CO Carbon monoxide (CO) is a colorless, odorless, and tasteless gas that is slightly less dense than air. It is toxic to humans and animals when encountered in higher concentrations, although it is also produced in normal animal metabolism in low quantities, and is thought to have some normal biological functions. In the atmosphere, it is spatially variable and short lived, having a role in the formation of ground-level ozone. Carbon monoxide consists of one carbon atom and one oxygen atom, connected by a triple bond that consists of two covalent bonds as well as one dative covalent bond. Carbon monoxide is produced from the partial oxidation of carbon-containing compounds; it forms when there is not enough oxygen to produce carbon dioxide (CO2), such as when operating a stove or an internal combustion engine in an enclosed space. In biology, carbon monoxide is naturally produced by the action of heme oxygenase 1 and 2 on the heme from hemoglobin breakdown. History[edit] Toxicity[edit]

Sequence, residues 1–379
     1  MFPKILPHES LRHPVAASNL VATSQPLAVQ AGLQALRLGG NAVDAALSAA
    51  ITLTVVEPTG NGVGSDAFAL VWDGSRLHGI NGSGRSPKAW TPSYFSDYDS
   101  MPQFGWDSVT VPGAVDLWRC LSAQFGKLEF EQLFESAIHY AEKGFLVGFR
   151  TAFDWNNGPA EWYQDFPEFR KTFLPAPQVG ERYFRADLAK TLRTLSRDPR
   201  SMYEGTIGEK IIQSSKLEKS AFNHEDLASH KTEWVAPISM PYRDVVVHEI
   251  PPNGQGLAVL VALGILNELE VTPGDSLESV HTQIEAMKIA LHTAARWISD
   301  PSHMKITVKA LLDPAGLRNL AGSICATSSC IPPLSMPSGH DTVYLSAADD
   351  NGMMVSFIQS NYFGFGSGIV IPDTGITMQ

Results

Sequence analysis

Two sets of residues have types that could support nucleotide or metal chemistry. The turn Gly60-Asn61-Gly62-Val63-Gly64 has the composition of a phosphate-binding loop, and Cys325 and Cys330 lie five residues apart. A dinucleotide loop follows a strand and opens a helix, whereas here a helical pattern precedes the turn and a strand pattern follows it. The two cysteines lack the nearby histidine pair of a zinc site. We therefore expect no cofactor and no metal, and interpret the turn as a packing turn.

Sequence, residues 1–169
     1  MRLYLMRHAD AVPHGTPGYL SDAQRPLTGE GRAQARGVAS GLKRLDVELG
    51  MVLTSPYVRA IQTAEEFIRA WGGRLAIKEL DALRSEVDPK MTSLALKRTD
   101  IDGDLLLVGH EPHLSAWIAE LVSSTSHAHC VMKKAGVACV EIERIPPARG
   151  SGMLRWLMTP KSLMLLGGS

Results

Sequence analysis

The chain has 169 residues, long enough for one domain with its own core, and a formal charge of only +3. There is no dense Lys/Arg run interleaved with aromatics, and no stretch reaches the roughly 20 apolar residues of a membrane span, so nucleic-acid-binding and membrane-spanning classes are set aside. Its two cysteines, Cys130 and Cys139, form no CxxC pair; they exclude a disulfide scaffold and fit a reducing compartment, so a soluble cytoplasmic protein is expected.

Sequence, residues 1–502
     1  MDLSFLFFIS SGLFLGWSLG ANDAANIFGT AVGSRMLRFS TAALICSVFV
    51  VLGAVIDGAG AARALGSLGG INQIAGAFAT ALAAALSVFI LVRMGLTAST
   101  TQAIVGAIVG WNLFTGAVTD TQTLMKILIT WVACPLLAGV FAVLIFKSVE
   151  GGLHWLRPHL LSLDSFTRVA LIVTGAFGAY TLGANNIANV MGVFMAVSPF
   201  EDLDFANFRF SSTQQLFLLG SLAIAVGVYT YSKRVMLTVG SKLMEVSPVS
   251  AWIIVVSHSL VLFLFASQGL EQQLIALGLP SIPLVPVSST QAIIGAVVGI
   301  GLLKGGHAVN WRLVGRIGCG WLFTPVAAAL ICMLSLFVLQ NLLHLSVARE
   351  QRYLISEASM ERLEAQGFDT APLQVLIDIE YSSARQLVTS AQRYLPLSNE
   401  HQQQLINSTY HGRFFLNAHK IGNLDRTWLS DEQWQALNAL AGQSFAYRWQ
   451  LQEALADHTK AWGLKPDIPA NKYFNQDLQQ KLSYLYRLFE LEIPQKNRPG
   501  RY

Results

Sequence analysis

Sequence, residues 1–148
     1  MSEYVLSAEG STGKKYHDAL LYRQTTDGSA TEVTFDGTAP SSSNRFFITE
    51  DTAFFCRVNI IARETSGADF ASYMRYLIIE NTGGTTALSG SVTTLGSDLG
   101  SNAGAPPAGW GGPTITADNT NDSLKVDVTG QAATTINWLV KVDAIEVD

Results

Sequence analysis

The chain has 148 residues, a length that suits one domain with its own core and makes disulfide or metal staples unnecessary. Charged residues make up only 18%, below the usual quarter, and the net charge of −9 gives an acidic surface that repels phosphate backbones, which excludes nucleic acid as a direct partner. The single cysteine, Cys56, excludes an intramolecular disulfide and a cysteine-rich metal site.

Elementary particle In particle physics, an elementary particle or fundamental particle is a particle whose substructure is unknown, thus it is unknown whether it is composed of other particles.[1] Known elementary particles include the fundamental fermions (quarks, leptons, antiquarks, and antileptons), which generally are "matter particles" and "antimatter particles", as well as the fundamental bosons (gauge bosons and Higgs boson), which generally are "force particles" that mediate interactions among fermions.[1] A particle containing two or more elementary particles is a composite particle. Everyday matter is composed of atoms, once presumed to be matter's elementary particles—atom meaning "indivisible" in Greek—although the atom's existence remained controversial until about 1910, as some leading physicists regarded molecules as mathematical illusions, and matter as ultimately composed of energy.[1][2] Soon, subatomic constituents of the atom were identified. Overview[edit] Main article: Standard Model